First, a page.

Dome Wilderness, Sanchez Waterfall Hike – 9/25/2016

Earlier this summer, I came across descriptions of hiking in the Dome Wilderness, a small designated wilderness area abutting the western boundary of Bandelier National Monument; it looked intriguing. With the cooler temperatures of autumn, and a willingness to go further into the wilderness on barely improved Forest Roads, we headed for the trail (see references below).  

The Drive In

The drive was itself interesting: past the Cochiti Pueblo and Cochiti Dam and Lake, and the Town of Cochiti, onto Forest Road 89, then 289 (a high clearance vehicle, preferably with 4-wheel drive is recommended but not necessary).  The trailhead was easy to find, with a nice parking area for a half dozen cars.

The Hike

Dome Wilderness-Sanchez Falls Hike.Jay.2016.09.25

Google Earth screenshot of hike on Trail 118 across Eagle Canyon to Sanchez Canyon and the Sanchez Waterfall. We could not see a way to get down into Sanchez Canyon below the waterfall, so we had coffee on the canyon above it.

About 100 yards from the trailhead, we are looking down into a steep sided, narrow, fairly deep canyon – this made us wonder if this is going to be a difficult transit.  It wasn’t – the trail has switchbacks so it is never steep; the surface is rocky, but not loose rocks, which makes for good footing and easy walking.  As you can see from the screenshot, there are no (live) trees.  Two fires have burned through the Dome Wilderness, the Dome Fire in 1996 and the Las Conchas fire in 2011.  As you can see in the photos, there are many blackened trunks, standing and fallen, and only a few scrub oaks growing. But … there were lots of colors in the many different flowering plants scattered throughout the area.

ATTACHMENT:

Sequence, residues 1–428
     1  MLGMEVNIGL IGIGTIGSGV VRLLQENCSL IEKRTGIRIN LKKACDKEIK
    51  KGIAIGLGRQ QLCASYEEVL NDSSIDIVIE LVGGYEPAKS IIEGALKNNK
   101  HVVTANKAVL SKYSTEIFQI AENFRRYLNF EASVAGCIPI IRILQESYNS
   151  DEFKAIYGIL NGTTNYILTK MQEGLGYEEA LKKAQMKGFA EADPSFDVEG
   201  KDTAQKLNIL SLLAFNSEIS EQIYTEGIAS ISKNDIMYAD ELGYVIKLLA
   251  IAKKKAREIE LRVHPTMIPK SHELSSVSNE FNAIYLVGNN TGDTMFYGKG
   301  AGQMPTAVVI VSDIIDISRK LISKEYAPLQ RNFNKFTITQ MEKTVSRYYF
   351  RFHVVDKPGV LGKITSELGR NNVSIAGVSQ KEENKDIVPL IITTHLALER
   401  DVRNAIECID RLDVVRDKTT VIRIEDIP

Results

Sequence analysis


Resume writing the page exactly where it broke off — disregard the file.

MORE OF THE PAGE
Up out of Eagle Canyon across the adjoining mesa, then along the west slope of Sanchez Canyon.  The trail here is carved out on the very steep side of the canyon; the trail isn’t narrow, but the steep falloff into the canyon can be unnerving. The presence of a waterfall was first signaled by the noise of falling water.  The trail crosses the canyon above the waterfall, and there was no way safe for us to see the waterfall from there.  It was only on the way out that we sighted the stream of water down deep in the canyon.

We walked some 100 yards up the canyon and found some shade afforded by fallen tree trunks and debris washed down the canyon.  It was here we had our traditional mid-hike refreshments, and a bit of rest and relaxation before heading back to the Tacoma.

On the way out, we explored FR 89, which goes further north from the intersection with FR 286.  Tho’ a bit rough (high clearance recommended), we found ourselves among fruit trees, and at the end of the road.  We drove past a quonset shelter filled with boxes used for transporting fruit, and found them labeled “Dixon Orchard”.  Maybe this is the Dixon Orchard, popular over many years until the Conchas Fire wiped it out.

Statistics

Total Distance: 2.95 miles
Elevation: 6,600 start, 6,692 maximum, 6,470 minimum
Gross gain: 222 ft.  Aggregate ascending 1,127 ft, descending: 1,128 ft
Maximum slope: 59% ascending, 66% descending, 11% average
Duration: 2:44

GPS Track Files for Download
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I urge you to explore our hiking tracks with Google Earth. With the virtual 3-dimensional presentation, achieved by panning and tilting the view, you can get a much better idea of the hikes and terrain than you can get from the 2-dimensional screenshot above. For assistance: Using Google Earth Track Files.

References

USFS Santa Fe National Forest, “Wilderness Areas in the Santa Fe National Forest”
From Albuquerque Journal, July 1998: “Sanchez Canyon”
ASCHG Hike “Base Of Cerro Picacho Hike”, 2/6/2015
Summitpost “Dome Wilderness”
Excerpt from “New Mexico Wilderness Areas; the Complete Guide”
From Doug Scott Art, Photo of Sanchez Falls from below

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